and publisher of The Metropolis Planet and with Mike Boyd,
the super volunteer Superman who since has turned in his
tights. I fell in love with the place and wrote several
stories about going to Superman's hometown and meeting the
great people of Metropolis.
When I returned home, I happened into a
Manhattan store and discovered a gorgeous denim jacket
painted and studded with Austrian crystal that depicted
Superman flying out of Metropolis on the back and had a
huge sparkling S on the front. It was so extravagant and
expensive that it was decadent. I bought it. That was on
October 18 -- the one year anniversary of the break-up of
The jacket became my trademark outfit
and I wore it like Superman wears his cape -- it never
came off. I wore it right into the D.C. Comics exclusive
Christmas party that year (I sort of crashed, having been
given an extra invitation by a Batman fan friend of mine)
and Julius Schwartz, Superman's long-time, semi-retired
editor came up to me and showed my coat off to the D.C.
Big Deals. It was like being a kid in a candy store, there
I was at the source of Superman. I met Superman's editor,
the amazing Mike Carlin; and Superman's artists, inkers,
writers. Later, artist Frank McLaughlin was nice enough to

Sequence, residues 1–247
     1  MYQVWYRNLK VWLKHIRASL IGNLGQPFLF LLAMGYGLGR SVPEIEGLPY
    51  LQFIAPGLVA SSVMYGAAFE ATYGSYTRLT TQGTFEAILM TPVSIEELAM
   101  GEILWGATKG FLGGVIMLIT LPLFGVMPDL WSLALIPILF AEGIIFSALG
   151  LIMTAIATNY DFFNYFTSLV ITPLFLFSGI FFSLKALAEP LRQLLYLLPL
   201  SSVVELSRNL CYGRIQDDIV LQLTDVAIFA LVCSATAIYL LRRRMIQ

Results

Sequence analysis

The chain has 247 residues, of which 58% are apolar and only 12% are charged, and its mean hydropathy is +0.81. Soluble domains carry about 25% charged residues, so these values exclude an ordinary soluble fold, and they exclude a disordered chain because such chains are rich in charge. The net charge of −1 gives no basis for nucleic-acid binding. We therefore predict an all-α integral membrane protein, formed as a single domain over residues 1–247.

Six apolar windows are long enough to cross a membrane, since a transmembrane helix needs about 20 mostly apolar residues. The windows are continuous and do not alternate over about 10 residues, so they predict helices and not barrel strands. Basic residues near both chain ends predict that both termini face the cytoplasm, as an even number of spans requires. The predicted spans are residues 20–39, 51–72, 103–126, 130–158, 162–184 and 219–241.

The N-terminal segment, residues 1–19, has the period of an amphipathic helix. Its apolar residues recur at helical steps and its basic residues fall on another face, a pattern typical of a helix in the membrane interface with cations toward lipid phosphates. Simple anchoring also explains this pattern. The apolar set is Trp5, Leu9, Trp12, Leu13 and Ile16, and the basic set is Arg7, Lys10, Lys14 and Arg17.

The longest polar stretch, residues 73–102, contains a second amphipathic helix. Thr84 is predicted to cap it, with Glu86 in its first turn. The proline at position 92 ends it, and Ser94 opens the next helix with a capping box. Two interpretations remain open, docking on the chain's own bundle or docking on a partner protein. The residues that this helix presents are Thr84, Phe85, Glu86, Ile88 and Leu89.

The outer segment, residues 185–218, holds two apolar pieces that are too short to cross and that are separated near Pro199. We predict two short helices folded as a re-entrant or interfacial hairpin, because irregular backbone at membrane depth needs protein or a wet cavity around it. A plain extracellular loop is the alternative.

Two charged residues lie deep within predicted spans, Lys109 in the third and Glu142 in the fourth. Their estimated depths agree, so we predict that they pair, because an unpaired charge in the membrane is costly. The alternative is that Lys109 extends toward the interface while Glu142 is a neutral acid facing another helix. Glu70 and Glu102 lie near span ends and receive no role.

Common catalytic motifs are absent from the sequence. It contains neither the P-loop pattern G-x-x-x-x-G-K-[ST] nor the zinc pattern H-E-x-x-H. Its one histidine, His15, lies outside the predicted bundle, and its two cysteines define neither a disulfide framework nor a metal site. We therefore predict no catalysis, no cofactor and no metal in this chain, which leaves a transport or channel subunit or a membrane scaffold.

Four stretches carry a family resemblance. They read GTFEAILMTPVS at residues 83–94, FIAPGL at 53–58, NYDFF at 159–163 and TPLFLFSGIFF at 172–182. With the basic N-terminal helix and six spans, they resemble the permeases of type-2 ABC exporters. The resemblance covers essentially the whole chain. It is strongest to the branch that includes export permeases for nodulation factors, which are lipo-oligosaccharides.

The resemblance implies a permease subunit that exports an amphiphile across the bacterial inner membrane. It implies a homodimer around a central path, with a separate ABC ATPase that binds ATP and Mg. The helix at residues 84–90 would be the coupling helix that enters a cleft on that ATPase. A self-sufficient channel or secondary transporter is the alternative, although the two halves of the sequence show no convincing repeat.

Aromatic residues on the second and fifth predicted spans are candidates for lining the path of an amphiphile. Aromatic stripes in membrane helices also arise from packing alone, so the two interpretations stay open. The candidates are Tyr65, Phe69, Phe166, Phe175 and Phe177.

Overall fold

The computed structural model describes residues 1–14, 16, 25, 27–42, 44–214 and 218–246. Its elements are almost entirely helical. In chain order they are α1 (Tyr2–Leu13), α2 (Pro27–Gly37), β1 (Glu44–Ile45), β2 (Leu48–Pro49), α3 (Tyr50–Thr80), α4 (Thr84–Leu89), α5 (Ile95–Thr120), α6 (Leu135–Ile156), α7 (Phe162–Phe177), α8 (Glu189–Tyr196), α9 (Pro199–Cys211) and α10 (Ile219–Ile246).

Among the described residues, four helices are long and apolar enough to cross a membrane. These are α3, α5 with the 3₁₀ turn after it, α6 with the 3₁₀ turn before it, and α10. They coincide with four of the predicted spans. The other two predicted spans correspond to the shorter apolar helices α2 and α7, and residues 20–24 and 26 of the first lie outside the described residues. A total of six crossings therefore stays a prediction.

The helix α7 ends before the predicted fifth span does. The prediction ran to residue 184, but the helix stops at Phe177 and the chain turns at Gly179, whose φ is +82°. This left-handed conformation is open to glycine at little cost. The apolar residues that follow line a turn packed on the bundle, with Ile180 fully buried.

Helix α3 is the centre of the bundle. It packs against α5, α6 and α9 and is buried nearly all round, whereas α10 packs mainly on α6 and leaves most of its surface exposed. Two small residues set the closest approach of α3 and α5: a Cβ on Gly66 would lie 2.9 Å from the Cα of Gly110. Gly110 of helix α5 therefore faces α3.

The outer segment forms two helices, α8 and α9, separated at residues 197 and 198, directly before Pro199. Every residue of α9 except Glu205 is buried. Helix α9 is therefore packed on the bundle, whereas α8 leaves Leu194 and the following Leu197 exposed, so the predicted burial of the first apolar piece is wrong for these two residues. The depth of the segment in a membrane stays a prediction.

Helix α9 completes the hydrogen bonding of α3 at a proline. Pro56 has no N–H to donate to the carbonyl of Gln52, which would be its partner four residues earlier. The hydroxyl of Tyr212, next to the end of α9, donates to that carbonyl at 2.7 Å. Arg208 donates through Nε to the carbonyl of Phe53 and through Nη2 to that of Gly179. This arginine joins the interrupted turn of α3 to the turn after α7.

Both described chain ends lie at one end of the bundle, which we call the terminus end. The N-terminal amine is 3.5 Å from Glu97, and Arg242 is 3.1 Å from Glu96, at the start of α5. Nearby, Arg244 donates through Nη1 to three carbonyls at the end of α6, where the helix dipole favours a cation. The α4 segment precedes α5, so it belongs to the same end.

give me as a gift three panels of original, signed
Superman comic book art.
1988 melted into 1989 and a new super
possibility loomed on my horizon. I continued getting up
close and personal with the people who had in various ways
been behind the legend. By now, the need for a fantasy had
turned into a real passion for the past and current
history of the man of Steel. I found so much joy in my
explorations that I began to write about them. I made an
agreement with myself to include a reference to Superman
in every article I wrote for a year (did) and started
doing a column for Women's News, in which Superman was
always a topic.
The big breakthrough came when I
launched Star Reporter News Service by syndicating my
first article -- Superman's hometown, Metropolis,
Illinois. The news service took flight as the piece ran
in: The Chicago Sun-Times, NY Daily News, The Denver Post,